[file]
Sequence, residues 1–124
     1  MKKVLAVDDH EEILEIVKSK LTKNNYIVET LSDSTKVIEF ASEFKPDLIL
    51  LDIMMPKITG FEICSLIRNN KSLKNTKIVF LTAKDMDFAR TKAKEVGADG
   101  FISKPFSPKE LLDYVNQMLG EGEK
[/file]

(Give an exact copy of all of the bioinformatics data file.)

Sequence, residues 1–124
     1  MKKVLAVDDH EEILEIVKSK LTKNNYIVET LSDSTKVIEF ASEFKPDLIL
    51  LDIMMPKITG FEICSLIRNN KSLKNTKIVF LTAKDMDFAR TKAKEVGADG
   101  FISKPFSPKE LLDYVNQMLG EGEK